With a fresh tank of air reading 3,000 pounds per square inch, I waddled to the dive boat’s transom, gave the bezel of the BR03 a spin to align the zero mark with the large minute hand, and stepped into the sea. Lest we overshoot the reef below, we deflated our buoyancy vests and descended quickly, equalising our ears as we dropped. The reef came into view, a riot of hard and soft corals, populated by schools of jacks, snapper and the odd nurse shark or barracuda. As we drifted along, my exhaled bubbles trailed behind me, a sign of how fast the current was here. I cruised over a crack in the reef and spied a stingray half-buried in the sand below. Attempting to get a closer look, I turned and tried to swim against the current to slow my progress but it was no use. This dive was strictly fast forward. A glance at the Bell & Ross told me that we’d been down for only 12 minutes. I looked 75 feet above, my eyes searching in vain for the silhouette of the Republic Diver following us.

Aside from its distinctive looks, the BR 03-92 Diver is a worthy dive instrument. Though the case shape resembles other Bell & Ross timepieces, its dial draws on decidedly subaquatic cues. Instead of the looping aviation-inspired numerals, it opts for bold circular and hashed markers, which are generously swathed in luminescent paint. The hands are long silver needles, faceted to catch light and also luminescent for reading in dark conditions. The hour hand is painted orange, distinguishing it from the minute hand, which is filled with bright white lume, at a glance. Orange is a good choice for the less necessary hand since it is one of the first colours to fade as a diver descends, relegating it to the background as the prominent minute hand counts out the dive time. The watch’s primary feature, and the one that makes it a dive watch and differentiates it from the other instrument series pieces from Bell & Ross, is the rotating timing bezel. Sitting up off the case, the bezel is easy to grip and legible, its round shape playing off against the chunky right angles behind it. It ratchets with authority counter-clockwise and features an anodised aluminium timing ring.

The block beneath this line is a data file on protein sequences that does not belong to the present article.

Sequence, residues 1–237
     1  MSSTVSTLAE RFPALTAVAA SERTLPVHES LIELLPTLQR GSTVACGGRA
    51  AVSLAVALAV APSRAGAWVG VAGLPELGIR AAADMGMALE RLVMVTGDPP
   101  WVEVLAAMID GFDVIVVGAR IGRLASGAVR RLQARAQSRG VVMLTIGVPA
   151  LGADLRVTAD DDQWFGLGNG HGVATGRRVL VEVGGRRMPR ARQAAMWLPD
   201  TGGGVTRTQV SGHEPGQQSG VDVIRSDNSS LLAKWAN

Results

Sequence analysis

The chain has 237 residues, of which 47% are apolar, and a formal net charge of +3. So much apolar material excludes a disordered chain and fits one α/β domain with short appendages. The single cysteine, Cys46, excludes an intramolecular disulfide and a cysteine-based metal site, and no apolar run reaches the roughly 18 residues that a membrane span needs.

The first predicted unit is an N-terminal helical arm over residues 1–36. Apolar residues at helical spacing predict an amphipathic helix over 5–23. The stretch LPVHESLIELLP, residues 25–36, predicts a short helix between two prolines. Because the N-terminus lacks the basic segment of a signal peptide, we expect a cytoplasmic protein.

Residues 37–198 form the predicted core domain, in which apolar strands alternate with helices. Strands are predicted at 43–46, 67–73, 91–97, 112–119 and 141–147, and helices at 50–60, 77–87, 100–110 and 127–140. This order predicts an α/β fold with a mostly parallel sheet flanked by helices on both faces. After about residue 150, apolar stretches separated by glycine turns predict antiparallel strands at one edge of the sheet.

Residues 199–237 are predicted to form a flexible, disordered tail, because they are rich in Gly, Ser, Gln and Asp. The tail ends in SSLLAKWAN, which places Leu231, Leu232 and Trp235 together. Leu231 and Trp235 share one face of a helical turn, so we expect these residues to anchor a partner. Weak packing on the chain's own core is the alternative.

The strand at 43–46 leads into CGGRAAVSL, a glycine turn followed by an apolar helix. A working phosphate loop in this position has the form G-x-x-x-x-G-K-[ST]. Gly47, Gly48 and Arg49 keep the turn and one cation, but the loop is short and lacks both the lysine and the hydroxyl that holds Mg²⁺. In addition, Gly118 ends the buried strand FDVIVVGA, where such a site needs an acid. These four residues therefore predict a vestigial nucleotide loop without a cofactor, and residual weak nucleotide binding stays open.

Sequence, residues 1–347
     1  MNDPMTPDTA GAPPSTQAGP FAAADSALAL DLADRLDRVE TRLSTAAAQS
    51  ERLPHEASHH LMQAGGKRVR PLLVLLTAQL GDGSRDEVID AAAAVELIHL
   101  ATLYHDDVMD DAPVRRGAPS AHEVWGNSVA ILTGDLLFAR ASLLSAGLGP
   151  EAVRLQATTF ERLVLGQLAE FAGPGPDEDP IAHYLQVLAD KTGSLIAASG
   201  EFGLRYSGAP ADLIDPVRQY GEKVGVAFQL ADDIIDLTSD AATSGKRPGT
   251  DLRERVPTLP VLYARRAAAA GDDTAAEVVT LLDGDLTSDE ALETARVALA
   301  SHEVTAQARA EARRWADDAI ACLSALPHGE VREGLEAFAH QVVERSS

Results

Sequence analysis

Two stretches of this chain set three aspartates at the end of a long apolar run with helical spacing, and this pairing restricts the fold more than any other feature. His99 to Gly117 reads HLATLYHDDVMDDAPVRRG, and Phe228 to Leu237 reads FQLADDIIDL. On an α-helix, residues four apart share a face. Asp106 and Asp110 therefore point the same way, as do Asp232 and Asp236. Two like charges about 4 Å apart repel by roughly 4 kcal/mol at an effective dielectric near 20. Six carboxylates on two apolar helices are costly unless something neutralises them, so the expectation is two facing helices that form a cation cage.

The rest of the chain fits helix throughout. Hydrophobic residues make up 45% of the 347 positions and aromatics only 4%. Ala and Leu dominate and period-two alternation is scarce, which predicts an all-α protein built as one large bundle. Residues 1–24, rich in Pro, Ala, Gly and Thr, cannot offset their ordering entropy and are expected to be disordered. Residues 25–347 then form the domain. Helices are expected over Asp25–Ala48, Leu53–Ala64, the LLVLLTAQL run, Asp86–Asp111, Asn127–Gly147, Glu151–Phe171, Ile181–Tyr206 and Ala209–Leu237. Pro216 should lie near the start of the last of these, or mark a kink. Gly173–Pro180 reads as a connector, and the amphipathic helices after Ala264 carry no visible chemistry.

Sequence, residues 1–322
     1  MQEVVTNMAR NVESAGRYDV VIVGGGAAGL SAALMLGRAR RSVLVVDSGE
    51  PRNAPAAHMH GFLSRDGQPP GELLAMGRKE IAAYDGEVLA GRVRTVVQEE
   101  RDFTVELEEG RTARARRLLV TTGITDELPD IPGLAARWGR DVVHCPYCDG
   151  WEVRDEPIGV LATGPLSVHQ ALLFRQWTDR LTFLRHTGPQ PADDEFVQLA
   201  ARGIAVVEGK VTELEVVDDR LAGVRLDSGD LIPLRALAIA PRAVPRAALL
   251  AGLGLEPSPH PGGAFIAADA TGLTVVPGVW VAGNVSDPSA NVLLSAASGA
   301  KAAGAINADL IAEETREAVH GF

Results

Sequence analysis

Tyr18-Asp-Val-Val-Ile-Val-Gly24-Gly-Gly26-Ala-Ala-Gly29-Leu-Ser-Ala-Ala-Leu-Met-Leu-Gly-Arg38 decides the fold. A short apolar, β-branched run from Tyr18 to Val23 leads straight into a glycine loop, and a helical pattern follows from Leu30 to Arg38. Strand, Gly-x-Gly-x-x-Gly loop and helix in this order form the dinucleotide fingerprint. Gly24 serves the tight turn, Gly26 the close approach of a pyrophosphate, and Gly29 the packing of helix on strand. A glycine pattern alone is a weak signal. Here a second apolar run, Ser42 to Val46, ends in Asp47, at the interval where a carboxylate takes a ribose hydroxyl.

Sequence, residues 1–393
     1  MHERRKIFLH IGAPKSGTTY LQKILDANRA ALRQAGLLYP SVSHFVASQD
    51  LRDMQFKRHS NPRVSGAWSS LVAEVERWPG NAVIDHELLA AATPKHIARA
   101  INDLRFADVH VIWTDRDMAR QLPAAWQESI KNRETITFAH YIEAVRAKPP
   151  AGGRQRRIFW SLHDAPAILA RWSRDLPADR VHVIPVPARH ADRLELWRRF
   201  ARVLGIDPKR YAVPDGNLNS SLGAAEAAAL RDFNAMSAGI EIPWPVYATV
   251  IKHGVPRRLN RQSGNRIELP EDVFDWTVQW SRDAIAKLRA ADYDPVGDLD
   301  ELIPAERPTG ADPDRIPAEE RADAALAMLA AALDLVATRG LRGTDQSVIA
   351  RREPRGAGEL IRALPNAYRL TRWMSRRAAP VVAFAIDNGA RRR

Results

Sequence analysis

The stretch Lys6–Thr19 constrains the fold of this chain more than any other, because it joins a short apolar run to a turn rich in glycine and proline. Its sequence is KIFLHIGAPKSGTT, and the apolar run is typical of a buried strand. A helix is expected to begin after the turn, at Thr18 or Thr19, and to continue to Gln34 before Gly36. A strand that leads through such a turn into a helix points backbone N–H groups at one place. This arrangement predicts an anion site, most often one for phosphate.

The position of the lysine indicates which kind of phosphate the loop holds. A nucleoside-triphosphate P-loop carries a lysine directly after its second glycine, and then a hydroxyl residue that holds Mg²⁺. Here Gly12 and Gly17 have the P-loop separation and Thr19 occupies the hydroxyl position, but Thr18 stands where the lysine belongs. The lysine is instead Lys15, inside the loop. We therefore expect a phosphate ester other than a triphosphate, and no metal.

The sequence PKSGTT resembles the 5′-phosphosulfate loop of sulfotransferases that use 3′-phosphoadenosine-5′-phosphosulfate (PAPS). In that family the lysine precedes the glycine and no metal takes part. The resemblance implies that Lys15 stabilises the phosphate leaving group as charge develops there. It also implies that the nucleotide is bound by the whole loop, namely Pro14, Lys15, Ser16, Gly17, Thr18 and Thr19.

Jason Heaton

Bell & Ross was one of the brands that, in the mid-1990s, ushered in the big watch trend. The BR01 series, also square, was a whopping 46mm in both directions, a bold statement on the wrist and one that put Bell & Ross on the map. The BR03 series followed, of which the Diver is the latest and, at 43mm, is entirely more wearable. Its stubby strap lugs allow it to fit well on most wrists. Combined with the bold, textured rubber strap and worn over a wetsuit sleeve, the watch looks right at home in a dive environment, despite its original aircraft instrument panel inspirations.

Ticking inside the BR03 Diver is a self-winding mechanical movement, a rugged third-party motor that Bell & Ross massages into what it calls the calibre BR-CAL.302. Decorated in-house movements are utterly superfluous in tool dive watches and this one is fittingly unadorned and hidden behind a flat engraved caseback. Its only complication is a subtle date function, which is all but invisible until you look for it while entering the day’s dive information in your logbook.

Jason Heaton

I again checked my watch and now 44 minutes had elapsed. At a nearly constant drift at 75 feet, we were approaching my no-decompression limit so we started slowly ascending to the surface. The sea floor below faded to a moonscape, and with our rapid drift, gave the impression of a spacewalk, the Earth below seemingly rotating beneath me at 17,000 miles per hour. A school of toothy barracuda hung above, just below the surface. We drifted past and I wondered how they were able to stay so still in a strong current without so much as a flick of their tails.

At 18 feet, our guide unfurled his surface marker buoy and puffed air into it from his regulator. It shot to the surface, attached to a line and reel in his hand. As we drifted along, suspended here between the sky above and the sea-floor far below, a sense of calm set in. While we waited for the boat to arrive, we off-gassed, a common practice known as a safety stop. My digital dive computer beeped to alert me to this, but its countdown timer doesn’t display seconds, so I spun the bezel of the BR03 Diver to track my obligatory three minutes. I watched the sweeping seconds hand, mesmerised, until I was jolted back by the reassuring rumble of the Republic Diver’s engines above. When the seconds hand counted up to three minutes, I looked around and gave the “OK” sign, before taking a last look at the disappearing reef below and ascending to the sun and waves above.

BR 03-92
An ergonomic rotating bezel, a generous amount of lume on the minute hand, and a fuss-free dial layout make the BR 03-92 an ideal watch for diving